Sunday, February 20, 2011

Theories to account for
the textual diversity of the Hebrew Scriptures /

Θεωρίες που επεξηγούν
την κειμενική ποικιλότητα των Εβραϊκών Γραφών

Given this textual evidence from the Dead Sea Scrolls, how does one account for the variety of textual forms in which the Bible was undeniably extant in the late second temple period? Scholars have developed a number of theories to account for this diversity. The first of these is the so-called local texts theory, first proposed by William F. Albright, and subsequently elaborated by his student Frank M. Cross Jr. In Cross's view, the textual diversity found in the manuscripts can be correlated with the three major text-types that underlie the LXX, the Samaritan Pentateuch, and the MT. Funhemore, these three textual traditions can also be roughly correlated with three geographical areas, Egypt, Palestine, and Babylon, respectively.

A different theory has been advocated by Shemaryahu Talmon, who looks upon Cross's three main text-types not as traditions that developed in different geogrnphical locales but as the remnants of a much greater textual diversity that is now lost to view. Talmon stresses the fact that text-types are created and preserved by religiously cohesive sociological groups: it was the Christian church that preserved the textual tradition represented by the LXX, the Samaritan sect that preserved the Samaritan text-type, and rabbinic Judaism that preserved the MT. It is probable that other textual traditions were preserved by other religious groups within Judaism, but these traditions have perished along with their historical bearers. The three that have survived are the leftovers of a textual diversity that was likely as varied as the religious landscape of Judaism and its offshoots. Another feature of Talman's view is his concern not to isolate textual criticism from the broader questions of traditional historical criticism.

Emanuel Tov challenges a key assumption in the theories of both Cross and Talmon: the view that the textual diversity of the Qumran finds can be reduced to basically three text-types. On the basis of a careful analysis of the biblical Dead Sea Scrolls, he concludes that they can be more profitably classified into five categories, not three. Alongside the three recognized by Cross and Talmon, he discerns one written in the distinctive "Qumran orthography," and another that is "unaligned," that is, not clearly associated with any of the other four. In Tov's analysis, the statistical distribution of these five kinds of texts is as follows: "proto-Masoretic" manuscripts: 60 percent; those written in the "Qumran practice": 20 percent; "pre-Samaritan" manuscripts and those approximating the LXX: together 5 percent; leaving about 15 percent for the unaligned biblical texts.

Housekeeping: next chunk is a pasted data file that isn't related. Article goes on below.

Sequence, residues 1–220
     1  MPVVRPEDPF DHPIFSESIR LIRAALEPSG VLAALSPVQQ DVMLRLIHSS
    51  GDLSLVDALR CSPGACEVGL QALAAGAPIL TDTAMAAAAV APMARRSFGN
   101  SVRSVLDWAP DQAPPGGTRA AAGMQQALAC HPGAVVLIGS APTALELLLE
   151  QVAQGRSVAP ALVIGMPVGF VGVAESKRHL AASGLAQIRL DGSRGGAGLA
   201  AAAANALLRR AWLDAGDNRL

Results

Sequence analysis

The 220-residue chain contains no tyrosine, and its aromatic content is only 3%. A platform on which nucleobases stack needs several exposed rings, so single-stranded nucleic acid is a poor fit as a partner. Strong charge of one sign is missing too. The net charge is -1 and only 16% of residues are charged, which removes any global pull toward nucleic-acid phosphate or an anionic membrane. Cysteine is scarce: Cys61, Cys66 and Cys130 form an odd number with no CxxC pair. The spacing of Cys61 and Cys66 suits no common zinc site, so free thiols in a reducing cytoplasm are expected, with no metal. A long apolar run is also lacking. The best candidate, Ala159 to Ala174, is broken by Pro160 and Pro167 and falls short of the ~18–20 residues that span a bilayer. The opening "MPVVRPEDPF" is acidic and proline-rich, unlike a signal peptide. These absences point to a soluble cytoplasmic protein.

Finally, we may consider the views of Eugene Ulrich, a student of Cross, who has recently put forward his own theory of the textual diversity exemplified by the Qumran biblical manuscripts. Against Tov, he argues that neither the "Qumran practice" nor the "unaligned" status of certain manuscripts can be said to define distinctively textual groupings. In a manner reminiscent of Talmon (but without the latter's emphasis on religious groups), he stresses that a simple threefold or fivefold scheme cannot do justice to the great diversity of the biblical text in late second temple times. Instead, he sees a succession of "literary editions" of individual books (or parts of books) as temporary stages of the overall evolution of the biblical text toward its canonical form. Each literary edition was produced by a creative editor who was responding to a new religious situation, and each such edition could be called the "base text" with respect to subsequent scribal modifications. Again like Talmon, Ulrich seeks to integrate the concerns of "lower" and "higher" criticism into a single view of the long-term development of the biblical text.

* David W. Baker & Bill T. Arnold,
[Η Όψη των Παλαιοδιαθηκικών Μελετών: Έρευνα των Τρεχουσών Προσεγγίσεων],
Baker Academic 1999,
pp./σσ. 21, 22.

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